Rather, we can find pride in our own nuanced stories and moments that celebrate our own journeys and identities, especially for us who find it difficult to match that mainstream narrative and who maybe feel less queer due to this disconnect. The concept of “coming out” and “the closet” only exist due to being Othered by heteronormativity in our society; if there was no norm of being straight (thanks to the introduction of normative heterosexuality in the 20th century), there would be no need to disclose our queer identities just to live fulfilling lives. Yet, there’s no point in entirely eradicating this notion; rather, it’s more productive to instead shift mainstream ideologies about it and put queer stories front and center. It’s time to break the narrative!

So, here’s what I would now say if someone were to truly be interested in my coming out story:

It’s not pretty, it’s not linear, and it’s really difficult to put into coherent sentences. Yet, here’s the TLDR: I had my first crushes on girls in middle school but didn’t realize they were crushes until my senior year of high school, where I blocked them out with pseudo crushes on boys for the next four years. I had the feeling I was bisexual when I turned 17, so I told my parents about this a year later. They didn’t take it seriously. I joined college with this identity, feeling more liberated than ever in DC than in the scary conservative gates of my Southern suburban town. I realized I liked girls a lot more than boys but still wanted to hold on to my “heterosexual tendencies” because I was terrified of only liking women. A few experiences and one Intro to Women’s Studies course my second semester of college later, I realized that “lesbian” maybe wasn’t such a bad word. Maybe it was me! I never had the moment of telling all my friends I was a lesbian; rather, they simply figured it out through my evolution into gay culture. That summer, the text that began this piece was sent to my mom. I even posted a picture on Instagram, revealing my queer identity to all my followers at 2017’s New York Pride (but of course, without using the word “lesbian”).  I didn’t disclose my queerness in my own writing until ten long months later when I wrote about queer womxn musicians on my personal blog and I called myself a lesbian for the first time to the entirety of the Internet, where I now am unable to stray away from writing on queer topics, no matter how hard I try. Two months later, for the first time, I told the world that I loved being a lesbian (which is an extremely radical statement!) through another Instagram post from last summer’s DC Pride. But today, am I “fully out,” whatever that means? I don’t know. I do know that I talk about lesbian culture like it’s my job and that I laugh when people don’t realize I’m gay within moments of meeting me. But I find the private moments even more empowering than that awkward text I sent my mom two years ago: when I get those first time butterflies for a girl without feeling shame; when I’m surrounded by other queers who live both shared and unique experiences with me; when I take the time to self-reflect and remember how much I love being a lesbian.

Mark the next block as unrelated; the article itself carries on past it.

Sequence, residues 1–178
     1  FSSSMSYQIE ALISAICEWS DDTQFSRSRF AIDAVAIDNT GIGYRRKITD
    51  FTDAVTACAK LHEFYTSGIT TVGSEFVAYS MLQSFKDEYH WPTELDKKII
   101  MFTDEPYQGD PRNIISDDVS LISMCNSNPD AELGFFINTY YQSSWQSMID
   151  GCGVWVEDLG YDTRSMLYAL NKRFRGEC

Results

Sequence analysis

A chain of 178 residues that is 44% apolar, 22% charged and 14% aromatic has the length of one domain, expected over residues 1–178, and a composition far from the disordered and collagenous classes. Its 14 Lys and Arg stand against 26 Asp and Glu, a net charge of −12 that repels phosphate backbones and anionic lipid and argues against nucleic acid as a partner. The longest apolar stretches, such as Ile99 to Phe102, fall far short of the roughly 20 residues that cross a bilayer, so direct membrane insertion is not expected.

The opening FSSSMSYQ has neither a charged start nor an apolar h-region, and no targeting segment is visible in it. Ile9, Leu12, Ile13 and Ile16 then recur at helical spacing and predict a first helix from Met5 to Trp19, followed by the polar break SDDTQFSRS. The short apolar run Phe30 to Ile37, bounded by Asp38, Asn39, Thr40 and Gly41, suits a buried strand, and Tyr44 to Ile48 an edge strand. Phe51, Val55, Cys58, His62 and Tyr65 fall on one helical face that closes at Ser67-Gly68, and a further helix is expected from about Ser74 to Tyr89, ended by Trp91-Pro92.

What about you? We at Camp Thirlby want to continue to break the narrative and highlight stories by queer voices, not by straight corporations who take the notion of the closet to an extreme. Do you have a coming out story that is important to you, even if it feels disconnected from the mainstream? Do you have a hard time putting this moment into words or have funky feelings on the heteronormative structure? What about the small moments that make you proud of your queerness, even if it feels too miniscule to call a “coming out story”? Are you not out, and wish to share more on why?

Call us at the Camp Thirlby Hotline at 240-397-6457 and leave a voicemail to share your story. We’ll publish your stories anonymously, along with other personal memoirs on the nuances of queerness, throughout Pride Month and beyond—because pride doesn’t end with the end of June.


About the Author

Natalie Geisel is in her third year at The George Washington University studying women’s, gender, and sexuality studies with a minor in communication. Her love of writing sprouted from starting her fashion blog in high school, and her current written work spans from topics such as style, LGBTQ+ content, and music. She is interested in intersecting gender and sexuality into the world of wellness, hoping to add a queer voice to its editorial side. When she’s not writing, she spends her spare time at dance rehearsal, attending local indie shows in the DC area, or finding the best cafes that serve oat milk. She’s passionate about inclusive sex education and sustainable fashion and thinks everyone should be, too.